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Monday, September 04, 2023

Kaʻū News Briefs, Monday, Sept. 4, 2023

Uēkahuna provides the most spectacular views of the summit of Kīlauea. NPS Photo/J.Robinson

    The invitation to the public event says, "Perched high on the rim of Uēkahuna since the late 1940s, the Hawaiian Volcano Observatory has been the hub of research and monitoring of Hawaiian volcanoes. The Reginald T. Okamura Building, constructed in 1985 and the heart of the observatory, was damaged beyond repair during the earthquakes of 2018. Join Don Swanson, who has a 55-year association with the observatory, as he takes us through the science conducted at this remarkable facility and the legacy being carried into the future."
    This Hawai‘i Volcanoes' ongoing After Dark in the Park is sponsored by the Friends of Hawaiʻi Volcanoes National Park. Free, but park entrance fees apply.

THE DEATH OF AN OCEAN VIEW MAN BY FOUR DOGS MAULING HIM in the 92-2000 block of Outrigger Drive on Aug. 1 has sparked calls for charging the dog owners under a new law that could be strengthened. The law that passed in 2022 followed the death of an 85-year-old woman in Puna. It makes bodily injury or death caused by an unprovoked dog attack a Class B felony. Consequences include up to a $25,000 fine, up to ten years in prison, and court-ordered restitution. It allows for the humane destruction of the guilty dogs.
    The owners of the dogs that killed the Ocean View man are under investigation under the law. A headline in Sunday's Hawaiian Tribune-Herald newspaper, said, "Still no arrests or charges in Ocean View dog attack." It is more than a month since 71-year-old Bob Northrop was killed by the dogs.
Bob Northrop was killed by dogs in Ocean View.
A Celebration of Life will be held this Saturday,
Sept. 9 at 2 p.m. at St. Jude's in Ocean View.
   Tribune-Herald writer John Burnett reports on his conversation with Capt. Akira Edmoundson of Hawai‘i Police Department's West Hawai‘i Criminal Investigation Division. Edmoundson said that when the investigation is completed, it will be sent to the county prosecutors to determine whether the dog owners will be charged. The dogs, a Staffordshire bull terrier and three of pit bull mix, have been seized and euthanized, along with ten of their puppies.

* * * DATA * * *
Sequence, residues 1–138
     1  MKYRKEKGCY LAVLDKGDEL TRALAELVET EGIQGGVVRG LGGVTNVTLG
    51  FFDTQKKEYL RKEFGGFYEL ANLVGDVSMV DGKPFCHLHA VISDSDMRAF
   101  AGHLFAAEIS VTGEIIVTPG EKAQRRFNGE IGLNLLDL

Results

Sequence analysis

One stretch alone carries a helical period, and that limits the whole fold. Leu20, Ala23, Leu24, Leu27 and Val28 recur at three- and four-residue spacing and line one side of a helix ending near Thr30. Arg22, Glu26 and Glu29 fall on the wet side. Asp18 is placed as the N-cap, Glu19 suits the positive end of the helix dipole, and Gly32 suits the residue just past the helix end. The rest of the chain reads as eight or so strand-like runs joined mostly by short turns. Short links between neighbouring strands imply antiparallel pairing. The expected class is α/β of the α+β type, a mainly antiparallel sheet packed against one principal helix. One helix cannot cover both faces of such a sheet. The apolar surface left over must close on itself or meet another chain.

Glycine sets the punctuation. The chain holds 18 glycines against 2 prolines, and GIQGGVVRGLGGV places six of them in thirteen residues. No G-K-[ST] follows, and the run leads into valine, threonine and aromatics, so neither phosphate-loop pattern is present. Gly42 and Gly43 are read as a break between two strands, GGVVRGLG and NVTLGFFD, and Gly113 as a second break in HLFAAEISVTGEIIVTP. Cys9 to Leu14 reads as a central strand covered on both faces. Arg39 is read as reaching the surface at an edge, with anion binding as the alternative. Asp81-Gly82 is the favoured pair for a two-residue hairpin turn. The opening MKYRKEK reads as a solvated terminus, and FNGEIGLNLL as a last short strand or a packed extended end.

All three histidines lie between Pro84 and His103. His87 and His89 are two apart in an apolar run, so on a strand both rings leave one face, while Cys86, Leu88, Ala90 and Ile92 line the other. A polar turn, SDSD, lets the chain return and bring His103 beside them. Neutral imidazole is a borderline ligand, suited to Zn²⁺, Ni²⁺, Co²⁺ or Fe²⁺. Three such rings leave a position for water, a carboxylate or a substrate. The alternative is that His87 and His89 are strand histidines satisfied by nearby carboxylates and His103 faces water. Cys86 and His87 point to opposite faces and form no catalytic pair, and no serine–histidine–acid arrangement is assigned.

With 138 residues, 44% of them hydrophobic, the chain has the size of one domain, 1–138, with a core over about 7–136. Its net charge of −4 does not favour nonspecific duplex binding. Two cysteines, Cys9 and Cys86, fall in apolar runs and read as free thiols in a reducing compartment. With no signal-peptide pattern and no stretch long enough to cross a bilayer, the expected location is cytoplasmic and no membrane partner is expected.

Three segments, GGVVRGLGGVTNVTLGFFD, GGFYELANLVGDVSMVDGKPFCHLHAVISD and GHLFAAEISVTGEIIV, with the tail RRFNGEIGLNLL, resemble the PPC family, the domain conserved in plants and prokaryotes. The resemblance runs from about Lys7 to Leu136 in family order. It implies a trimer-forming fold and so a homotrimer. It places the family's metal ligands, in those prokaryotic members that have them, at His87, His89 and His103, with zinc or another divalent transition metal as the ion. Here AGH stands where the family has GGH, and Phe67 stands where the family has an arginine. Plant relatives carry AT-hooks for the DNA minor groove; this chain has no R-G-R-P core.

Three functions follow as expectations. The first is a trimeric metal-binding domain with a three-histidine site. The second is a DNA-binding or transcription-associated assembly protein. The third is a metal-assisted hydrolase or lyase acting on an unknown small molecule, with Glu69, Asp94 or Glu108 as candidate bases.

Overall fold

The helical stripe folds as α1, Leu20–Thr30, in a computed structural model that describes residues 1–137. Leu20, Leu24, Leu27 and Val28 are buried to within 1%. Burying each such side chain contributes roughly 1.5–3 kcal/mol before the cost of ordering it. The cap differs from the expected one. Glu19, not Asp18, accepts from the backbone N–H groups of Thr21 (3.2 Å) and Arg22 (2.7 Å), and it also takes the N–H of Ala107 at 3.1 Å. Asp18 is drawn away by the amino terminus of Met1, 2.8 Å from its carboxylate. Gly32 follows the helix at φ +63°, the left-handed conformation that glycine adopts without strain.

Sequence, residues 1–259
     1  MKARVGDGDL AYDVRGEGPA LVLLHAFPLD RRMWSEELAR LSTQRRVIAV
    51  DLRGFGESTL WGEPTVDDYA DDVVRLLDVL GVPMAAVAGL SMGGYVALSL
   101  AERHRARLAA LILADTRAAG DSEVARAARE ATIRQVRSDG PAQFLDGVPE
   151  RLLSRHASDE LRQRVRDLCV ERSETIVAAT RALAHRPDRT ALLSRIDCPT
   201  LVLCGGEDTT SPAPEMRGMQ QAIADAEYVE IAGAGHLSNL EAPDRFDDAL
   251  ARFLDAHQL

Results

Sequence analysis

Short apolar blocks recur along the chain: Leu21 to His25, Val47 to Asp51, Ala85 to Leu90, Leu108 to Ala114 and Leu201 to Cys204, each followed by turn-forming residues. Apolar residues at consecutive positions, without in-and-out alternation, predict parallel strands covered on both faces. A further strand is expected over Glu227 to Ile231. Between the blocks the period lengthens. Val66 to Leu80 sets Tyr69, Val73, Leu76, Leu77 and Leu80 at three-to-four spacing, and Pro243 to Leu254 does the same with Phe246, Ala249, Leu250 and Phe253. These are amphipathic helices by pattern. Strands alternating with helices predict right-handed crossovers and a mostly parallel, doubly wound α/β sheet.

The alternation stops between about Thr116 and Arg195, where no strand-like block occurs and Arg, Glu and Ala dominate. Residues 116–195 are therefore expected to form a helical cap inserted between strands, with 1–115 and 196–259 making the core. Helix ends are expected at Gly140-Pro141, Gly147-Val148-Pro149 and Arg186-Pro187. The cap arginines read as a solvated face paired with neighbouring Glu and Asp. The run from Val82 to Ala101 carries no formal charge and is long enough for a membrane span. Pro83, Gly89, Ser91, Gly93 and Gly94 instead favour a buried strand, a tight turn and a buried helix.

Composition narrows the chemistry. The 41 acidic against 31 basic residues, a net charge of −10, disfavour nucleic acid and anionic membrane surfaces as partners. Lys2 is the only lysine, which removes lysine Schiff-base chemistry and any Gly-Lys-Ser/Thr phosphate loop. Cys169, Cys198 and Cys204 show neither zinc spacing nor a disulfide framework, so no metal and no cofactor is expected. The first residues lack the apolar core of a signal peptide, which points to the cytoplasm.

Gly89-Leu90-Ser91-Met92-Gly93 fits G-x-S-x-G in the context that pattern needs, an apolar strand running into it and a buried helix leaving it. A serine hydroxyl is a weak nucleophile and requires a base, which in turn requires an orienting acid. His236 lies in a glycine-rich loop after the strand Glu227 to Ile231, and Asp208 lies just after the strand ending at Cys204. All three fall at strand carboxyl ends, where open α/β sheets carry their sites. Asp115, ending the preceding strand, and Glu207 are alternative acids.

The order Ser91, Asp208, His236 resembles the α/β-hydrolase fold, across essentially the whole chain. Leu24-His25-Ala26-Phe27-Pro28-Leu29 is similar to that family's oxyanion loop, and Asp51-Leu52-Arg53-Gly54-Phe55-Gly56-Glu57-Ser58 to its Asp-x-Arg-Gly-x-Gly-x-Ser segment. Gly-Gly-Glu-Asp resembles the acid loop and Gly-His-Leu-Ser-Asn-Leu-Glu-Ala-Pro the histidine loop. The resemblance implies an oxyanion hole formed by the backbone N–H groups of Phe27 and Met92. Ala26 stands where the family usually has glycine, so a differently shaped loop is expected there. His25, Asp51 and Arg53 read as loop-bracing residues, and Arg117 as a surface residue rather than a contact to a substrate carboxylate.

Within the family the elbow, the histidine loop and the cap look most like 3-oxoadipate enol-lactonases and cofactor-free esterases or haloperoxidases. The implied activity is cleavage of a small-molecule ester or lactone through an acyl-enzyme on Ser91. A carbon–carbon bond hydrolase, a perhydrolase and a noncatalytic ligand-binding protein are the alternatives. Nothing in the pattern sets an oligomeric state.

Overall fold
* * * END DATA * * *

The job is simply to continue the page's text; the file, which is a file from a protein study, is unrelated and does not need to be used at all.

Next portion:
Burnett also reports on another case. Owners of three dogs that went to the neighbor's yard in May and attacked a 32-year-old woman and her mother in Ainaloa are charged under the law. They pleaded not guilty and a hearing is set for Sept. 29. In that case, the younger victim suffered two broken arms, lacerations and puncture wounds. The older woman's injuries were not as severe.
    According to Shannon Matson, daughter of the Ocean View victim, Northrop was walking to a friend's house from his home when the dogs attacked and killed him. Matson told The Ka‘ū Calendar that his death still seemed unreal to her since he was such a dog lover. She also said she went to her father's house and has removed and adopted Northrop's own puppy who is living with her now. 
    Matson, who is active in public service, is an aide at the County Council and is working with council members to see if the new law can be strengthened. She said she is shocked her father's death represents the second time the new law has been used this year alone to prosecute and investigate deadly dog attacks.
    Council member Michelle Galimba, who represents Ocean View was quoted earlier by Big Island Now concerning Northrop's death. “If the dogs had been secured in a fenced area or kennels, this would have been preventable.”
    Northrop was a school bus driver at the time of his death and also a retired county inspector and a glazier and carpenter. A Life Celebration will be held this Saturday, Sept. 9, at 2 p.m. at St. Jude’s Episcopal Church in Ocean View.

NEUROPLASTICITY & RESILIENCE: HOW TO BE RESPONSIVE RATHER THAN REACTIVE. That's the talk for Third Thursday this month, announced by non-profit Ku‘ikahi Mediation Center, which hosts the free session on Sept. 21 as part of its Finding Solutions, Growing Peace Brown Bag Lunch Series. Talks are from noon to 1 p.m. via Zoom.
Indy Rishi Singh
   This month's speaker is Indy Rishi Singh who invites attendees to learn tools to tap into the brain's capacity to grow and evolve in response to life experiences. He asks, "Do you want to have happier and healthier relationships; a more resilient immune system and better digestion; and a deep appreciation for playfulness, curiosity, and courage—as well as learn how to breathe well, be a better listener, and better support yourself and others?" 
   Singh is a well-being engineer. He leads corporate wellness workshops and retreats with Fortune 500 companies; provides burnout and resilience retreats and workshops for healthcare workers, law enforcement, and activist organizations; presents mindfulness workshops with students in schools and universities; and is an active volunteer locally and globally. Singh is part of the non-profit Cultivating Self, a community of empowered healers.
    Ku‘ikahi's Brown Bag Lunch Series is free and open to the public. Attendees are encouraged to enjoy an informal and educational talk-story session and connect with others interested in "Finding Solutions, Growing Peace."
    To get the Zoom link, register online at https://freebrownbagtalk.eventbrite.com. For more information, contact Ku‘ikahi Mediation Center at (808) 935-7844 or info@hawaiimediation.org. Or visit www.hawaiimediation.org.
    This lunch-and-learn series is made possible thanks in part to funding from the County of Hawai‘i and Hawai‘i Island United Way.